Speculations about Plateau Culture

Seriously, it is interesting to think about shipboard cultures with regard to Niven. Allow me to backtrack from the society we see on Plateau to the culture that produced it. Obviously the job of "crew" on the Planck and Clarke was not a very good deal compared with being a colonist. The crew did the work (and aged) while the colonists slept the trip away (presumably) not aging much. So how were crew and colonist selected and what was in it for the crew? First of all, everyone thought that Plateau was a nice planet to live on (ramrobot screwed up the diagnosis on the place). Colonists probably paid to go; crew were hired, but hired (in their expectation) to go to a nice place. Since the crew were awake the whole trip there was plenty of time for that expectation to grow into a near myth of a "land of milk and honey" at the end of the voyage. While the crew was probably not "drafted" to become crew on the Planck and Clarke, there may have been economic coercion or social - the crew may have been given a choice between the organ banks or a variety of unpleasant tasks (of which crewing an interstellar ship seemed the best choice) or between poverty and crewdom.

When the ship arrives at Plateau and the truth of the situation became known to the crew, they were faced with decades of work to make Plateau pleasant piled on the decades they had spent on the ships. No wonder they decided that it was the colonists' turn for hard work, and that the youthful colonists should be fodder for extending the lives of the aging crew. Maybe Niven should tell this story...

"Fallen Angels": How the Readers Saw It

Andy Love posted on 25 September 1998 that the Winners in the foreign language categories of the 1998 Seiun Awards (the "Japanese Hugos") were announced at the Japanese National SF Convention '98 in August.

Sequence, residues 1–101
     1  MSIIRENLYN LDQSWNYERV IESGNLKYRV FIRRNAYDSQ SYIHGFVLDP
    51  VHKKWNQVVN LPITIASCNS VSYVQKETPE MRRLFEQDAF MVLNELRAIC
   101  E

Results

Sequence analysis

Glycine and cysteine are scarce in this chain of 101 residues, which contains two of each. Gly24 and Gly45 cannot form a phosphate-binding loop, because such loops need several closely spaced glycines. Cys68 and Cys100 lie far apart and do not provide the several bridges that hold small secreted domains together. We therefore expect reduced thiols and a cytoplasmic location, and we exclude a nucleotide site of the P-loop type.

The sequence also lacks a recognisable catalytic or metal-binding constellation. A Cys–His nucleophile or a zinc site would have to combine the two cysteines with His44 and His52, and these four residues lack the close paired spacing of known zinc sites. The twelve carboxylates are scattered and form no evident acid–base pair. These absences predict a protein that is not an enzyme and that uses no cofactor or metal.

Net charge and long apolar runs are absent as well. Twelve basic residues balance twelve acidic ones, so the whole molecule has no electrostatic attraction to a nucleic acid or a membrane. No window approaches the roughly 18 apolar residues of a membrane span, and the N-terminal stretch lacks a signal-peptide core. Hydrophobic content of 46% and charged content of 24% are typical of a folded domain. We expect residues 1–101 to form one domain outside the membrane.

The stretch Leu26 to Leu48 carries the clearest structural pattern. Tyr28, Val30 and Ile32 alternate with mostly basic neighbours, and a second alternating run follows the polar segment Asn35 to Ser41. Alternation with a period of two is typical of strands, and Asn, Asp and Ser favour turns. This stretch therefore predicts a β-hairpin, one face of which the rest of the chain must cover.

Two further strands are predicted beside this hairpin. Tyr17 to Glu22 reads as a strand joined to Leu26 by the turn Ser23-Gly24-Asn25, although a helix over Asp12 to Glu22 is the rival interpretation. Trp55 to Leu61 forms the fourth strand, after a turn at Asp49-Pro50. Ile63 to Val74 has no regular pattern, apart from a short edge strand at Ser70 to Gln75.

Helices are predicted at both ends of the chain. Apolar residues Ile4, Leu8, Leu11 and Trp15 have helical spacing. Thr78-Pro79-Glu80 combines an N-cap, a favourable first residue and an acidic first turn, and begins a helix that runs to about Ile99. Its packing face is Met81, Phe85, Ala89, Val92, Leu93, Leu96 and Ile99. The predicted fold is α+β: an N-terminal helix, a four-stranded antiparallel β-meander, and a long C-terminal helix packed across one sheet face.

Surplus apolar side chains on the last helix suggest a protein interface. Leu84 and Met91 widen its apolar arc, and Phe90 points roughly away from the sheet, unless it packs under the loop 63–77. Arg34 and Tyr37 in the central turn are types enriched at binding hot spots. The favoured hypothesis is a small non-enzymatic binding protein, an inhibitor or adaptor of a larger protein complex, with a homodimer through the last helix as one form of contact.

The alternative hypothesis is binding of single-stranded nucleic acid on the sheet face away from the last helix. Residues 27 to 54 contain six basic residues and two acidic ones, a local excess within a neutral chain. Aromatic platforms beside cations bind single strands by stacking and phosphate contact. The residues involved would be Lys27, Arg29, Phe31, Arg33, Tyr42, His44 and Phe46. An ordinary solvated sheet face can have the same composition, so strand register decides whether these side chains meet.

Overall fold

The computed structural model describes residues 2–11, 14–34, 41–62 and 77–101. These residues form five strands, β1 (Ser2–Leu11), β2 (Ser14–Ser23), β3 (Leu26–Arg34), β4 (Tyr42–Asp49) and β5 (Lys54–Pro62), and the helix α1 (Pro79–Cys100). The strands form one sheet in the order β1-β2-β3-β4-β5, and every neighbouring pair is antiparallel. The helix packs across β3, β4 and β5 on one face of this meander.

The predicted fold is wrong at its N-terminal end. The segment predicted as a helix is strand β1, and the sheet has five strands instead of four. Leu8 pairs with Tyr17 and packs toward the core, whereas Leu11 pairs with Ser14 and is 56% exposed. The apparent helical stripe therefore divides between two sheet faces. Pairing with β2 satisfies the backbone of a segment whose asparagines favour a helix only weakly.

Foreign Novel: Fallen Angels, Larry Niven, Jerry Pournelle & Michael Flynn

"Fallen Angels" was first published in 1991 by Baen (first published in Britain in 1993 by Pan Books).

Carrol Fry subsequently posted

"Fallen Angels"? I hadn't heard the title. Can anyone give me a quick overview, without tipping too much of the plot?

This brought several responses:

Matthew Dockrey

Think of the Falling Angels habitat from Niven and Barnes' stories and place it in an alternate universe where the world lapses into extreme anti-technology through environmentalism. They would need to steal some nitrogen from the Earth's atmosphere sometimes, and sometimes the dip-ship doesn't come back. Where would two helpless crashed astronauts go for help in a world that blames the new ice age on their nitrogen theft? Why, to *us*, of course.

Very fun book, if not exactly literature of the ages. Its what got me interested in fandom, in fact.

Steve Sloan

In an ice-age future, where science fiction is outlawed, and pseudo-science has taken hold of the government, the only activity in space is a small group of astronauts left stranded in their space station, trying to survive by occasionally scooping some air out of Earth's atmosphere. Two astronauts crash-land on Earth, and a small group of SF fans try to help them get back home.

Carol Phillips

Turns out that the Greenhouse effect was the only thing keeping the next ice age in check. When the liberals passed laws resticting certain technologies, it started gettting colder. The space program was one of the things that got cut. Astronauts weren't heros anymore. SF fandom help the astronauts get what they need, and the feminists are the antagonists.

IMHO, it was written for fans. If you are in California fandom, you can probably figure out who everyone REALLY is. So, I can't do that.

Jonathan Sheen